She wanted to establish the veracity of reports that 400-500 priests and thousands of lay faithful had decided to join the Catholic Church, with many now serving as priests, including hundreds who are married.

She estimates that about 250 clergy “went across” between 1994 and 2000, with a further 52 from 2001, and then the Ordinariate clergy on top of that.

Professor Woodhead pointed out that the Catholic Church made the biggest gain from the moves given that there are 18,000 Anglican clergy compared with around 4,000 Catholic priests.

“So a relatively small loss of clergy numbers for the Church of England represents a very significant gift for the Catholic Church in England and Wales at a time of falling ordinations,” she said.

Meanwhile, Mgr Keith Newton, the Ordinary, said in a homily at Portsmouth Cathedral that people sometimes asked members of the Ordinariate why they couldn’t become “proper Catholics.”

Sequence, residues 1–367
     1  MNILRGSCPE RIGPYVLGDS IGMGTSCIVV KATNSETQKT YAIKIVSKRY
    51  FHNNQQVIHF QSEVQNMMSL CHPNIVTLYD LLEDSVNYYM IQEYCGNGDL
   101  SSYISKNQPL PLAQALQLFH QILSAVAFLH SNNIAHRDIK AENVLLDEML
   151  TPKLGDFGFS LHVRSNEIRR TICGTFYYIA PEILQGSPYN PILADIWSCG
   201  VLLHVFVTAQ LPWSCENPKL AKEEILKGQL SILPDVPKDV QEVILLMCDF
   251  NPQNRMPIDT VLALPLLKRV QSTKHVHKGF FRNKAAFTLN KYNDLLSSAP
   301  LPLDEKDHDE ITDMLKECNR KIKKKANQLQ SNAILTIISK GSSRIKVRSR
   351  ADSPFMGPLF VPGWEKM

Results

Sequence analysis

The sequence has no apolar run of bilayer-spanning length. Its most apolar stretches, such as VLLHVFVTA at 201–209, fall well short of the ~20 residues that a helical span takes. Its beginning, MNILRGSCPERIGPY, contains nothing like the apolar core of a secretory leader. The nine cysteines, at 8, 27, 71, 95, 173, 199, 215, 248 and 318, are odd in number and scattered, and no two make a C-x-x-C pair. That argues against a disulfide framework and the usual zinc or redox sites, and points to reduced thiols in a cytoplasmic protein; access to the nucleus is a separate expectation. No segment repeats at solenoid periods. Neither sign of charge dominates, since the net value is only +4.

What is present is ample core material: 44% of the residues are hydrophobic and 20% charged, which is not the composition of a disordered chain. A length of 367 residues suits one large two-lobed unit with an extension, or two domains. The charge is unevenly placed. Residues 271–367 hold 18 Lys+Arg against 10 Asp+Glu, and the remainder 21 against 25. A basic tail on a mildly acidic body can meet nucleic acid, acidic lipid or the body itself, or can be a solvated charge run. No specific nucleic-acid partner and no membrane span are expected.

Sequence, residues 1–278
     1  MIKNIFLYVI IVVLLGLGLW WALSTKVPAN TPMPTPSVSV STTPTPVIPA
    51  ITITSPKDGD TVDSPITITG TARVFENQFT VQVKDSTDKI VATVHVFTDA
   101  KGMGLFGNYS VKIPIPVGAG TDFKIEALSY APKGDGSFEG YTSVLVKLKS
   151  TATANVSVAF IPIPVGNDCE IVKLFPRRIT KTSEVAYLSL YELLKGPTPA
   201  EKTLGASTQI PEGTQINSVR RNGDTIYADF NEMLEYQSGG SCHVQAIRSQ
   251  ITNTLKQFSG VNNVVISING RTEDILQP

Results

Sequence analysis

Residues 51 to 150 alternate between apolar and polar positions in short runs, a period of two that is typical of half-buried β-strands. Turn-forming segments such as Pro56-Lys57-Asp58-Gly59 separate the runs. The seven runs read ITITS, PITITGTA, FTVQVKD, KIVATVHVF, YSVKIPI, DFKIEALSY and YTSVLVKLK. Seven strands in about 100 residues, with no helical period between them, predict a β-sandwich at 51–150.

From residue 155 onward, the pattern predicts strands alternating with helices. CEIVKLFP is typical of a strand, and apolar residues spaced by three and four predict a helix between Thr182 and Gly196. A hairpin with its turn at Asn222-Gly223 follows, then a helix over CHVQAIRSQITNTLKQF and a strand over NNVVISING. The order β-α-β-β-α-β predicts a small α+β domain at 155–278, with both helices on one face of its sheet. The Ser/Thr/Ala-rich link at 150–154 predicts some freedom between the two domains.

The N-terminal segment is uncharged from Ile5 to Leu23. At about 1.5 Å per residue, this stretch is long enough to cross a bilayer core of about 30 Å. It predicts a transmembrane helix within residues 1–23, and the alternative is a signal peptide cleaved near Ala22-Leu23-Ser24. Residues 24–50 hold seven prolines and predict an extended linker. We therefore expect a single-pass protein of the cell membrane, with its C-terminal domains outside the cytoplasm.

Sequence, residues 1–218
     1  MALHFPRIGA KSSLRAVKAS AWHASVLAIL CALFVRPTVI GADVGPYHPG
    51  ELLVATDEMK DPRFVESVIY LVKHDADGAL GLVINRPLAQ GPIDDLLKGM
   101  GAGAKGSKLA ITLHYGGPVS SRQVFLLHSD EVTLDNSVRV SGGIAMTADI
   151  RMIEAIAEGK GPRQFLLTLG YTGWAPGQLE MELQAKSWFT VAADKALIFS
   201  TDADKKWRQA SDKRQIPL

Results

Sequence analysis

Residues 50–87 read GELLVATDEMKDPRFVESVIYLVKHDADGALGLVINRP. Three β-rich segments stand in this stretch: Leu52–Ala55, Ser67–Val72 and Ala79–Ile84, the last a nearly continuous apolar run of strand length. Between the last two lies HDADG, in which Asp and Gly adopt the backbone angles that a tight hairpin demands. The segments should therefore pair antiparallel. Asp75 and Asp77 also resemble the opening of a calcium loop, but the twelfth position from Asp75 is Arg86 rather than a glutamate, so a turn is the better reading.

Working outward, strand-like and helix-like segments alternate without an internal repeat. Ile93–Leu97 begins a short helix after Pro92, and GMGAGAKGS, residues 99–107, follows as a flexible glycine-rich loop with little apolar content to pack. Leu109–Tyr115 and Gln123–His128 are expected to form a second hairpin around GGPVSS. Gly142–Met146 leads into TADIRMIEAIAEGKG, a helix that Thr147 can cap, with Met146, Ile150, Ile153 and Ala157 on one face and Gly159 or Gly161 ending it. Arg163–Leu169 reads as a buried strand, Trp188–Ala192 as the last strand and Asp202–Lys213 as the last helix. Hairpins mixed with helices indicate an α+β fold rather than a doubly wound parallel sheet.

He said: “What they mean is, why can’t you just be absorbed into the wider Catholic Church so that what you bring disappears like sugar dissolved in water,” stressing that Christian unity was not about uniformity.

In September there will be events held by Ordinariate groups across the country to promote better understanding of the structure, set up to allow Anglicans to become Catholics while retaining elements of their identity.

 

 

Anglicans Joining Ordinariate Are Like ‘Hobbits In Search of Treasure’

Martin Freeman as Bilbo Baggins in The Hobbit: An Unexpected Journey (CNS)

So say the Ordinary, Msgr Keith Newton:

Anglicans joining the Ordinariate are like Bilbo Baggins and the other hobbits going in search of treasure, Mgr Keith Newton said on Sunday.

Speaking in Portsmouth Cathedral, the Ordinary of the Personal Ordinariate of Our Lady of Walsingham began his homily by mentioning The Hobbit by JRR Tolkien, which he described as “one of (his) favourite children’s books… the exiting story of a hobbit together with a band of dwarves searching for dragon guarded gold,” before adding that the true treasure is to be found in Christ and the Kingdom of Heaven.